For some Manchester United supporters, signing Jadon Sancho is paramount to making the summer transfer window a success at Old Trafford.
Others may be expecting Ole Gunnar Solskjaer to add a striker or central defender on top of the England winger. In reality, though, the Red Devils have already made a positive start to their business by finally waving a final goodbye to Alexis Sanchez.
When the Chilean winger arrived in January 2018, the deal which saw him join for free from Arsenal with Henrikh Mkhitaryan going the other way was viewed as a masterstroke. In fact, plenty of pundits lauded it as working for all parties involved.
Then manager Jose Mourinho was able to sign a world class player who had lit up the Premier League over the previous three-and-a-half years, while the Gunners brought to an end a torturous contract saga. Sanchez had six months remaining on his deal at the Emirates Stadium, and Arsenal signed a competent, if indirect, replacement. From United’s perspective, it was made all the sweeter by the fact they managed to beat rivals Manchester City to his signature.
Over two years later, though, United couldn’t get Sanchez out of the door quick enough. Having spent last season on loan at Inter, the 31-year-old agreed to rip up his £560,000-per-week contract before moving to the San Siro permanently. It comes as a huge relief for Solskjaer, who has steered the club away from the big name, big fee transfer policy Sanchez embodied and in line with the club’s core values of promoting and nurturing youth. The player himself would have earned around £40m over the final two years of his mammoth contract, despite playing just 45 games and scoring five goals in the North West.
Not only has nobody quite represented the recent vanity and negligence of United’s dealings in the seven years since Sir Alex Ferguson retired, but the immense lack of value for money between wages and return through performances and goals or assists makes this deal a real contender for the worst in Premier League history.
There are a number of others in the frame for that unwanted crown. Chelsea, for example, hit the jackpot in their striker search when they signed Didier Drogba in the summer of 2004, but other big-name striker arrivals Hernán Crespo, Andriy Shevchenko and Fernando Torres, cost a combined £96m and scored 49 league goals between them.
More recently, as transfer fees have soared, the scope to new viewed as a major failure because of a price tag has grown, even if it isn’t a player’s fault. Newcastle United have almost certainly utilised their record signing, £40m man Joelinton, wrongly, playing him as a target man when he prefers a more withdrawn or wider role. But the cold, hard stats lay bare his struggles. The Brazilian scored just twice in the league, averaging 0.6 shots on target P90 in all competitions, last season.
Comparing a striker with a winger directly is difficult, but Sanchez’s impact was just as poor and just as magnified because of the outlay. In his only full season at United, Sanchez averaged 1.4 dribbles and 2.5 crosses in nine Premier League starts, compared to 2.0 and 4.1 respectively with Inter, where he has scored four goals and registered eight assists.
It is fair to say he didn’t exactly set Serie A alight, failing to hit the heights of his Arsenal career, but impressed enough to be worth a reduced contract offer with no transfer fee. In North London at his peak in 2015/16, he registered five assists and 13 big chances, and averaged 3.7 dribbles and 2.4 crosses per game by comparison.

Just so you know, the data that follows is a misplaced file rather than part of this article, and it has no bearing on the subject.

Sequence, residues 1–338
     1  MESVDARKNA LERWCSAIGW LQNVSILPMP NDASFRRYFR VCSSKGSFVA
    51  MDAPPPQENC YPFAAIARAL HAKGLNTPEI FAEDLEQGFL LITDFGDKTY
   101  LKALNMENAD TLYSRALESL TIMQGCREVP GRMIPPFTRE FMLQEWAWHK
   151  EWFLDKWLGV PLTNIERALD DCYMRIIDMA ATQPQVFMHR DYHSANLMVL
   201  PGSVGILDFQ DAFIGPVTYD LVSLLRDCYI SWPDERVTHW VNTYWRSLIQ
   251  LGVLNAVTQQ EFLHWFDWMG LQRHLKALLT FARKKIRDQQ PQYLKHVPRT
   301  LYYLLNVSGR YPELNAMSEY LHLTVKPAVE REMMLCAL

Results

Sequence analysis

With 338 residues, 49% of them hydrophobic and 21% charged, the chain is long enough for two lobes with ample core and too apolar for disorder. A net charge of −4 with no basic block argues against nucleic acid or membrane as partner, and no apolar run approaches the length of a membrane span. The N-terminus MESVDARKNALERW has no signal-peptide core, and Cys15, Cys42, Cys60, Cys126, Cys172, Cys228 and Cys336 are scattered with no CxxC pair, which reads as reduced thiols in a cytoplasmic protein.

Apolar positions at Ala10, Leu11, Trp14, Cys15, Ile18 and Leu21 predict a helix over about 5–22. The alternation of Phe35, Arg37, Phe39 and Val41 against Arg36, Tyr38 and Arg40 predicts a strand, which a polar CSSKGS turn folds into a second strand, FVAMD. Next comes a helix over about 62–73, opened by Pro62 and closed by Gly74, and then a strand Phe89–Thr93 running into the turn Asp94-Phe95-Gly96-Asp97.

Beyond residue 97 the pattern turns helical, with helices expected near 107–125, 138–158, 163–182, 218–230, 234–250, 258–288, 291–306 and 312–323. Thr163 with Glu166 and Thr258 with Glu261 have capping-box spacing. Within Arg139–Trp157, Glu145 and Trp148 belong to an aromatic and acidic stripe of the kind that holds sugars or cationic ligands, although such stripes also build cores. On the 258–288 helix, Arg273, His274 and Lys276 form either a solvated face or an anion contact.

In a sense, what makes a transfer ‘flop’ is up for debate. There is an argument to suggest that avoiding paying the £60m Arsenal originally wanted and getting him, in effect, for nothing counts in his favour. But the fanfare and astronomical contract, which would have been difficult to justify even if he had been a success and led United back to glory given his age, propel him to the very heart of this conversation.
In the cases of Shevchenko and Fernando Torres, too, the fees Chelsea paid were seen as consistent with their performances at AC Milan and Liverpool for the time, while Joelinton is quite clearly a product of the inflated modern market, even if Newcastle’s poor scouting and due diligence meant they got what they deserved in the end.
The players mentioned here are just examples of major transfer let downs; there are others, too. Sanchez doesn’t necessarily spring to mind immediately, but the context surrounding his move, which was initially viewed as positive, has shone the light on how poorly it worked out.
He was preceded by the likes of Angel Di Maria and Radamel Falcao at United, during an era which spanned the reigns of both Louis van Gaal and Mourinho, when the club clearly believed they needed only to recruit the best players they could to improve, rather than find a system which suited them.
Again, though, it is the perception of Sanchez initially being a perfect fit under Mourinho which works against him. As a player who proved he was equally proficient when it came to work rate and performance at Arsenal, it was thought he wouldn’t jar with Mourinho, a man known to come down hard on work shy playmakers. The defensive style of play meant he was often too far away from goal, but more likely a reason for his issues was the fact he was unable to maintain the levels he had during his younger days.
If Solskjaer can sign Sancho, he will be getting a player very much in the image of what Mourinho thought Sanchez was. There certainly is scope to suggest he is the worst Premier League signing of all time because, ultimately, he cost a lot and hindered, rather than helped, the quest to return to the top. Manchester United have learned their lesson, and now that chapter is closed, they can build and improve for a much brighter future.